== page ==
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Filipino migrant workers demand return of 'illegal' training fees

20 November 2020

 By Vir B. Lumicao 

Palma (in white blouse) will bring some claimants to Polo this Sunday

A group of Filipino domestic workers in Hong Kong plan to go the Philippine Overseas Labor Office this Sunday, Nov 22, to ask for a refund of the training fee charged them by their employment agencies in the Philippines.

Their action follows Labor Attaché Melchor Dizon’s statement during a meeting with Filipino community leaders last week that agencies should not charge helpers for training because it is not in the rules of the Philippine Overseas Employment Administration.

Labatt Dizon said that if the employer wants the worker to be trained, he or she must pay for the cost.

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Prompted by this pronouncement, the OFW group, Social Justice for Migrant Workers, decided to lead a number of newly arrived workers in filing claims for a refund of the money they paid their agencies for training and other fees.

 “Nagbabalak po kaming pupunta sa Polo sa Sunday. Sasamahan ko ang mga bago na nag-training at nagbayad ng malaki. Marami pong nagsabi na sasama sila,” said Marites Palma, the group’s founder.  

Many of the complainants say they paid their Philippine agencies between Php25,000 and Php105,000 for training which did not prove to be of much use to their work in Hong Kong.

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Among them is Cherry Anne Zerrudo, who paid Php37,000 for three weeks of training at Kimmy International Training and Testing Inc. (Kitti) in San Francisco del Monte, Quezon City in October 2019.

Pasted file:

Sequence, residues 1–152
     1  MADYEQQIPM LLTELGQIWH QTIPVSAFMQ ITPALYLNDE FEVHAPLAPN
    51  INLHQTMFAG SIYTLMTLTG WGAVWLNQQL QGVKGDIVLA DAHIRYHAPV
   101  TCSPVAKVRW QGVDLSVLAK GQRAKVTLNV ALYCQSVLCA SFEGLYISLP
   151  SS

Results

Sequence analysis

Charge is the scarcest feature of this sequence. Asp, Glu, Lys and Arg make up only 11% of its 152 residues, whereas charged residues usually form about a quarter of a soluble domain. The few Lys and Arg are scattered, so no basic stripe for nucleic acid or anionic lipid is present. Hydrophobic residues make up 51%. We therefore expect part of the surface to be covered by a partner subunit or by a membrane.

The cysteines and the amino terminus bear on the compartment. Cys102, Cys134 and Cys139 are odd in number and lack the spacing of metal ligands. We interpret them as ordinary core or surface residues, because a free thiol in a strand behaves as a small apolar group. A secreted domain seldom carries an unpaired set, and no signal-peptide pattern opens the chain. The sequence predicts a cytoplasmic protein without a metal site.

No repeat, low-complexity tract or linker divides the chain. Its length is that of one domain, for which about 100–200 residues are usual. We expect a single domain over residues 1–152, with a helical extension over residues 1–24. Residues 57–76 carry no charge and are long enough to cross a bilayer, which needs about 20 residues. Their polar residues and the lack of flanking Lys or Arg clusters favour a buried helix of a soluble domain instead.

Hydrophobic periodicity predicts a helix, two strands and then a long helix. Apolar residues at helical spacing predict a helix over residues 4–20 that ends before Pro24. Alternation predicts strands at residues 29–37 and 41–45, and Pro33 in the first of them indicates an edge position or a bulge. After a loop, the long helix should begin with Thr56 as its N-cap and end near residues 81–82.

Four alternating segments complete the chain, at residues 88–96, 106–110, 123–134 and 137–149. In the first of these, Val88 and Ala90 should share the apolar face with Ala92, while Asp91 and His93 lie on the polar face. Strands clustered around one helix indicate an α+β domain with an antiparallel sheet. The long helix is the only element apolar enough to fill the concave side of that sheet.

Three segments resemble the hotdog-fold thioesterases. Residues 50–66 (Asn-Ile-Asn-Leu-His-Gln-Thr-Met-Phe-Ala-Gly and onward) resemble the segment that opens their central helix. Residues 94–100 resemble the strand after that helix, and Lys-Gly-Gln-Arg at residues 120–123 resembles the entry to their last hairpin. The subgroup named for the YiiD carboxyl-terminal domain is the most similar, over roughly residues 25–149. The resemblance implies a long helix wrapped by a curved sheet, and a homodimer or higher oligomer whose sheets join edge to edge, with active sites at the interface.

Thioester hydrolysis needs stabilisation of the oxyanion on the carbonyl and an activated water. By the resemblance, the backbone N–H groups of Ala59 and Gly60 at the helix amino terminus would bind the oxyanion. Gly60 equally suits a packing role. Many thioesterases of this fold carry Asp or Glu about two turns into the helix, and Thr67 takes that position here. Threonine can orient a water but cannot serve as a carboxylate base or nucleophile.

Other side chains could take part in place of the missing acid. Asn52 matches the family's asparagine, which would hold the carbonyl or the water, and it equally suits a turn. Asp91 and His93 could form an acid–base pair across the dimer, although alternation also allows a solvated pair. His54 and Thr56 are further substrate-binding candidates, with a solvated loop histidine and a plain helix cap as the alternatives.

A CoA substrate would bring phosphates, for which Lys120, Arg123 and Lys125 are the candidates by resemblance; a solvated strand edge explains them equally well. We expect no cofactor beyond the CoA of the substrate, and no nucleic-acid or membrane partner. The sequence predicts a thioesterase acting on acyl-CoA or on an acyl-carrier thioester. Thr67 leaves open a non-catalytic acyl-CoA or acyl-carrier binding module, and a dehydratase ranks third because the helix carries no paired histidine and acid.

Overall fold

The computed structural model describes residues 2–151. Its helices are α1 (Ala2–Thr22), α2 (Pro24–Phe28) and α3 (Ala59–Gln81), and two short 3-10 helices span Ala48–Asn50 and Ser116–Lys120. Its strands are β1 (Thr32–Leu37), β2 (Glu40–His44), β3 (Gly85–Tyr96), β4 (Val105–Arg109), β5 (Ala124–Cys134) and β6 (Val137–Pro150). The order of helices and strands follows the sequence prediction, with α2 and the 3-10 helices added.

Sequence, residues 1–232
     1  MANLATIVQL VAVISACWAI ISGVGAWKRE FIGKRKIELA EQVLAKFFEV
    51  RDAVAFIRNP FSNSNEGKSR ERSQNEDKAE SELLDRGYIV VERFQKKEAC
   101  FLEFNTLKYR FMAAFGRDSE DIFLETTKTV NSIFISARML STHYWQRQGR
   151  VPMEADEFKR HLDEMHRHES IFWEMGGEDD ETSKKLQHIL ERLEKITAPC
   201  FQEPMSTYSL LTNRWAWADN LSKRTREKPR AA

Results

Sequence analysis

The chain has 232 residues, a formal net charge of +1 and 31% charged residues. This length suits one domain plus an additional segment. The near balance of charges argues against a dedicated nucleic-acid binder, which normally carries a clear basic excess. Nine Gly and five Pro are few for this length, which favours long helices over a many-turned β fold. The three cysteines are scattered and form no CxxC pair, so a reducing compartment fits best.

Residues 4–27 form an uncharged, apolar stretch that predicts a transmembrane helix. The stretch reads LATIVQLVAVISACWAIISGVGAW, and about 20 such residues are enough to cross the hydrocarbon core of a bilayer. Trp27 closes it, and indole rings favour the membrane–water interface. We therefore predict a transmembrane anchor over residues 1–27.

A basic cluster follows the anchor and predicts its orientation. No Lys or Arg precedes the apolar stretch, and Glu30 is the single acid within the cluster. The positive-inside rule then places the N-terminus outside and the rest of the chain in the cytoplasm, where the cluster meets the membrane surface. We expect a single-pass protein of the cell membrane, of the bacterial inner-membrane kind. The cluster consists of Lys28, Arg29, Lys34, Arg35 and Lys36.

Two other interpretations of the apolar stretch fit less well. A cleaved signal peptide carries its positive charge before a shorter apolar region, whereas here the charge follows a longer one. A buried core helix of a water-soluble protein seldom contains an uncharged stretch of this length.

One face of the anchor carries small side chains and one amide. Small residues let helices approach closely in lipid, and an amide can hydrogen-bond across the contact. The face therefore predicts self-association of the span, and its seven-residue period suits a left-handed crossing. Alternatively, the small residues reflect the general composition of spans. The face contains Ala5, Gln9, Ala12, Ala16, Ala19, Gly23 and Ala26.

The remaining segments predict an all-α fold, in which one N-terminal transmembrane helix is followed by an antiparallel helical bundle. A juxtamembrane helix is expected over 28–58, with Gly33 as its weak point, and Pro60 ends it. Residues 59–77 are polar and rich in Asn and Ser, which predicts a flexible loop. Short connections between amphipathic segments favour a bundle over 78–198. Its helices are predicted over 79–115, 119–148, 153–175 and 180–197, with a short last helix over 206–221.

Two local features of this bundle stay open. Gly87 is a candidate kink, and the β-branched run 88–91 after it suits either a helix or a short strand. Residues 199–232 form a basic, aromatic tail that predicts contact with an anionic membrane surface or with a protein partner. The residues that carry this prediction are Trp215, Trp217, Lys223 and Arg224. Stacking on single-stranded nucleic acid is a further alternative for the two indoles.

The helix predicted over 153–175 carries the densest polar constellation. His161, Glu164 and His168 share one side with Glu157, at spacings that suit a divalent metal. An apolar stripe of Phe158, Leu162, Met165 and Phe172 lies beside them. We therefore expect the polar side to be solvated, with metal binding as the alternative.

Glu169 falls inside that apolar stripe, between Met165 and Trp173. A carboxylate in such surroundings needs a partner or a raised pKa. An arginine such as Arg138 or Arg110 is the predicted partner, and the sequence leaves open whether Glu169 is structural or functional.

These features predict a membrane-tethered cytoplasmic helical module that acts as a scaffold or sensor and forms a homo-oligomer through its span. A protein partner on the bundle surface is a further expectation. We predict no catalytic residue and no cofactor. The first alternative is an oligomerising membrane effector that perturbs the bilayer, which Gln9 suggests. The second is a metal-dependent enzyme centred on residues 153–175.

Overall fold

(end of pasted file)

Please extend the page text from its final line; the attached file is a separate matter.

She was charged Php30,000 for the basic training and an extra Php7,000 for elderly care, but realized later on that her employer, who is 71, was feisty and strong, and did not need looking after.

Zerrudo said there were about 30 of them who were recruited by Novation Resources, their agency in Manila, and sent to training at Kitti, which provided them board and lodging.

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The center was so packed that Zerrudo said that she, along with a few trainees, had to sleep on the kitchen floor. They were also given only a small bowl of rice with a slice of fish or meat for each meal that many of them would rush out to buy food as soon as they finished training for the day.  

First week, pinag-aralan namin kung paano maglinis ng bahay ng Intsik. Noong second week, kung paano magplantsa, at noong third, kung paano maglaba, at paano magluto,” said Zerrudo.

At the time, Zerrudo had just returned from working for three years in Doha, Qatar, and was still in possession of a valid national certificate for competency or NC2, and should not have been made to undergo training again.

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But according to Zerrudo, her recruiter told her she needed to re-train as President Rodrigo Duterte had the NC2 replaced with another certificate.